Wings Over Scotland has started a fundraiser in order to pay legal costs for Stu Campbell’s defamation case against Labour in Scotland’s leader Kezia Dugdale. The case was brought after Kezia called Stu a homophobe after he insulted Conservative MSP Oliver Mundell by saying that Oliver’s public speaking skills were so risible that it was enough to make you wish that his father had embraced his homosexuality earlier. Oliver is of course the son of Scottish Secretary David Mundell, who came out as gay last year after spending many years in the closet.
Ever since, social media and the press have been full of people heterosplaining about that horrible homophobe Stu Campbell and how we should all recoil in horror from his hatred of gay people. As regular readers of this blog will be aware, I’m gay. I came out as gay a very long time ago, way back when we were still arguing about the B part of the LGBTQI alphabet. I came out as gay when homophobia was respectable, indeed obligatory. If I had a pound for every time someone called me by some abusive homophobic slur I’d have been set for life and wouldn’t have to do a fundraiser for this blog. That’s what life was like as a gay kid in Coatbridge in the 1970s.
I’ve experienced real homophobia. That’s real homophobia of the sort that leaves an actual bloodied and bruised body, homophobia of the never-darken-my-doorstep-again you pervert variety. I’ve been gay bashed twice. I was made unwelcome in the home of my birth by close family members some of whom refused to speak to me for years because of my sexuality. I’ve been subjected to sexual harrassment at work that was so bad I had to leave my job. I had children with lesbian friends back when the newspapers were full of screaming editorials that people like us shouldn’t be allowed to have children, and telling us that our families were excuses for child abuse. I’ve experienced homophobia that leaves real physical and emotional scars. Not homophobia of the “he said something nasty on social media” sort. So I figure I know what homophobia is. If you’d walked a mile in my ruby slippers, you’d know what real homophobia was too.
What Stu Campbell said about Oliver Mundell was not homophobia. Homophobia is founded in the sentiment that gay people are less worthy. What Stu Campbell said about Oliver Mundell was based in the sentiment that it would have been a good thing if his then-closeted father hadn’t been closeted but had instead been proud and accepting of his sexuality. That’s not a homophobic sentiment. What Stu Campbell said was what gay people call throwing shade. Was it tasteless? Yes. Was it insulting? Hell yes. It was supposed to be tasteless and insulting, that’s what throwing shade is. It was throwing shade of the sort that a drag queen would be proud of. What it wasn’t was homophobic. Not all references to gay people are homophobic.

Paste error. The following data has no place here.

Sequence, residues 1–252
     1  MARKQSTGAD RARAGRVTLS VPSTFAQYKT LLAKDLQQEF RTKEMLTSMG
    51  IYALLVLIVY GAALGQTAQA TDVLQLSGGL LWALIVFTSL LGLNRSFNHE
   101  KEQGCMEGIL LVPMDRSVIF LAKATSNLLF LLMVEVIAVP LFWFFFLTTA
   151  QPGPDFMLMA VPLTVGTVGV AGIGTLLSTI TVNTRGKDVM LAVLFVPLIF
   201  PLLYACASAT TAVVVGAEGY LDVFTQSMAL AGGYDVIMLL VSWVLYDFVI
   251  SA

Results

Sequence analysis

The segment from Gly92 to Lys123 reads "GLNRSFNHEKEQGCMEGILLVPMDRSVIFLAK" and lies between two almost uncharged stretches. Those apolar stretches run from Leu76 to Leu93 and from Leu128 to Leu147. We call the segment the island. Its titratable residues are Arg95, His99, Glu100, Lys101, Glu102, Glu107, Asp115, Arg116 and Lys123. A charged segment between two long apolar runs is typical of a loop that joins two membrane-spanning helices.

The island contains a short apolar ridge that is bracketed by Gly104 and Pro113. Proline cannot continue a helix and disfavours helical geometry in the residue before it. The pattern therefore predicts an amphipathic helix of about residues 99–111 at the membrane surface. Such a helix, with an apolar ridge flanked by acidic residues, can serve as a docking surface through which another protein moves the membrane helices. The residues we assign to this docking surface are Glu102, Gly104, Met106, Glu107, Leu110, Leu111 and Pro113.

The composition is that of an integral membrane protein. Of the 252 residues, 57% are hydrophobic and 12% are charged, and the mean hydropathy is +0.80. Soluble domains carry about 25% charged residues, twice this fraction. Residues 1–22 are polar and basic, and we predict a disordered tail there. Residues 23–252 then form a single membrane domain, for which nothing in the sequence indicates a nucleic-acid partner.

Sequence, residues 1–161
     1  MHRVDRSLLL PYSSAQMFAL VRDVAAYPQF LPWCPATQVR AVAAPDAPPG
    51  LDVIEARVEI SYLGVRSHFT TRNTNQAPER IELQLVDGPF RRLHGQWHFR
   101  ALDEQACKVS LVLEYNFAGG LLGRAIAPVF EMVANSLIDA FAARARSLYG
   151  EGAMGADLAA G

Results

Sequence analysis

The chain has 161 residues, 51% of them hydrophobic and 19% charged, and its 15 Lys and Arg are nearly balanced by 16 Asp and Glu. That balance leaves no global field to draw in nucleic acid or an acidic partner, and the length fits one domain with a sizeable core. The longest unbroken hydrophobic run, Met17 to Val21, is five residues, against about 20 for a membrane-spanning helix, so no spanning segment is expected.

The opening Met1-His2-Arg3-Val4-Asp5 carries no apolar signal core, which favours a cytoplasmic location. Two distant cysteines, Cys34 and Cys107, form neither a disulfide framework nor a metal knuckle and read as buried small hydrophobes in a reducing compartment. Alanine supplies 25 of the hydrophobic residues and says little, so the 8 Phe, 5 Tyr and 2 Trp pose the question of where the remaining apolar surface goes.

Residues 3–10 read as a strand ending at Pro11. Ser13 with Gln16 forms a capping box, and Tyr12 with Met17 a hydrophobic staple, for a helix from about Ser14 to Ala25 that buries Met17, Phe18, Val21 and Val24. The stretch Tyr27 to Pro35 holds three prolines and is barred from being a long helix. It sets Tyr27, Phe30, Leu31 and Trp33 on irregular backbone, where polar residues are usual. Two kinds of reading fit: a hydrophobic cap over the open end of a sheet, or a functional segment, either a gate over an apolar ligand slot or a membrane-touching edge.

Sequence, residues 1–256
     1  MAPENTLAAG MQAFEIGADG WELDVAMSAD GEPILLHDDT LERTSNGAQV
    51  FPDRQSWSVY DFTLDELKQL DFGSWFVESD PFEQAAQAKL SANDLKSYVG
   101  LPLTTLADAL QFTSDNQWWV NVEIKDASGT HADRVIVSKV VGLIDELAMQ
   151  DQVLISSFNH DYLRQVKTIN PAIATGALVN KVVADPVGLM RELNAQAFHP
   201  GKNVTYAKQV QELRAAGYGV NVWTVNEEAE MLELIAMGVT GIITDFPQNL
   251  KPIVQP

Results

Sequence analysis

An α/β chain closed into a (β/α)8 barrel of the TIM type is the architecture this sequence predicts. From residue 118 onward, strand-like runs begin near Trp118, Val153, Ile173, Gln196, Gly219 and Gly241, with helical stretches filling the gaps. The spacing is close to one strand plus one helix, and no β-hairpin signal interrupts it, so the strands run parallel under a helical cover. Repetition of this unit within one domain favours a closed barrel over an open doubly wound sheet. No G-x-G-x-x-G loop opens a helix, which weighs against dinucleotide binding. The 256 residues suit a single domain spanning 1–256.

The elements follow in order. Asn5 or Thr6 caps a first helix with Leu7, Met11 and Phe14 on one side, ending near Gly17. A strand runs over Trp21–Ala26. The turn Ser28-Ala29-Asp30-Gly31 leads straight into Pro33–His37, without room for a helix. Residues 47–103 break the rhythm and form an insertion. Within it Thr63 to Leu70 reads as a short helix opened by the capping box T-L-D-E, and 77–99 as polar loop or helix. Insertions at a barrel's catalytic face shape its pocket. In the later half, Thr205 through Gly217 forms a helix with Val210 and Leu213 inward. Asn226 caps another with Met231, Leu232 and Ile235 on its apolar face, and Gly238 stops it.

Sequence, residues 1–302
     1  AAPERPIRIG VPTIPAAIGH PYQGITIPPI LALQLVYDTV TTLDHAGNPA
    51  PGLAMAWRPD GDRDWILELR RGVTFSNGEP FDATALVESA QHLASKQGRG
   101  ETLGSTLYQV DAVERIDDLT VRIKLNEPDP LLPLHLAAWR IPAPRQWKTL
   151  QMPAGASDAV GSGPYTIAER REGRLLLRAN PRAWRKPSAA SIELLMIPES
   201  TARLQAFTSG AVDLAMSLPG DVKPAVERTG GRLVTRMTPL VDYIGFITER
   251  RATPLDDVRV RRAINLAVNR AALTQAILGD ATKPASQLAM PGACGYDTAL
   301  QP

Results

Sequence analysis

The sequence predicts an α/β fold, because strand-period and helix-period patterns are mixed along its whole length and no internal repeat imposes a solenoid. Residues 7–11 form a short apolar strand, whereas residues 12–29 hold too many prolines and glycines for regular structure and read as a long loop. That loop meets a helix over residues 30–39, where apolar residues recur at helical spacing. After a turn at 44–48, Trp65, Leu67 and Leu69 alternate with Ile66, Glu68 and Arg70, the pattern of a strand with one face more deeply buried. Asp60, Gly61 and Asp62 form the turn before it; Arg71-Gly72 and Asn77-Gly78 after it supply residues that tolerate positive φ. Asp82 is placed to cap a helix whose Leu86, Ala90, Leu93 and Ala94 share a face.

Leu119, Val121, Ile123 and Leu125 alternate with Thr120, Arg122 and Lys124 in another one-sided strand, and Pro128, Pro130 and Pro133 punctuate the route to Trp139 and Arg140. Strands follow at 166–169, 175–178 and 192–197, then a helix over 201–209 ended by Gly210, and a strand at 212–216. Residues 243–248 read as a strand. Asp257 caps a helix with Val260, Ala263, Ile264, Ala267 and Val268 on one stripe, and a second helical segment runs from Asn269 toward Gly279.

I know how serious an issue homophobia is. David Mundell did not feel able to be open about his sexuality for decades because of homophobia. He only came out after people like me had made it safe for him to do so. Homophobia blights and deforms lives. It has victims apart from lesbian and gay people. The wives and husbands of gay men and lesbians who entered into heterosexual marriages in an attempt to hide their true sexuality are also victims of societal homophobia. Scotland has made enormous strides as a society in tackling homophobia and allowing queer folk to live open lives, but there is still a lot of work to do. There are still people in Scotland who suffer real abuse and discrimination as a result of homophobia.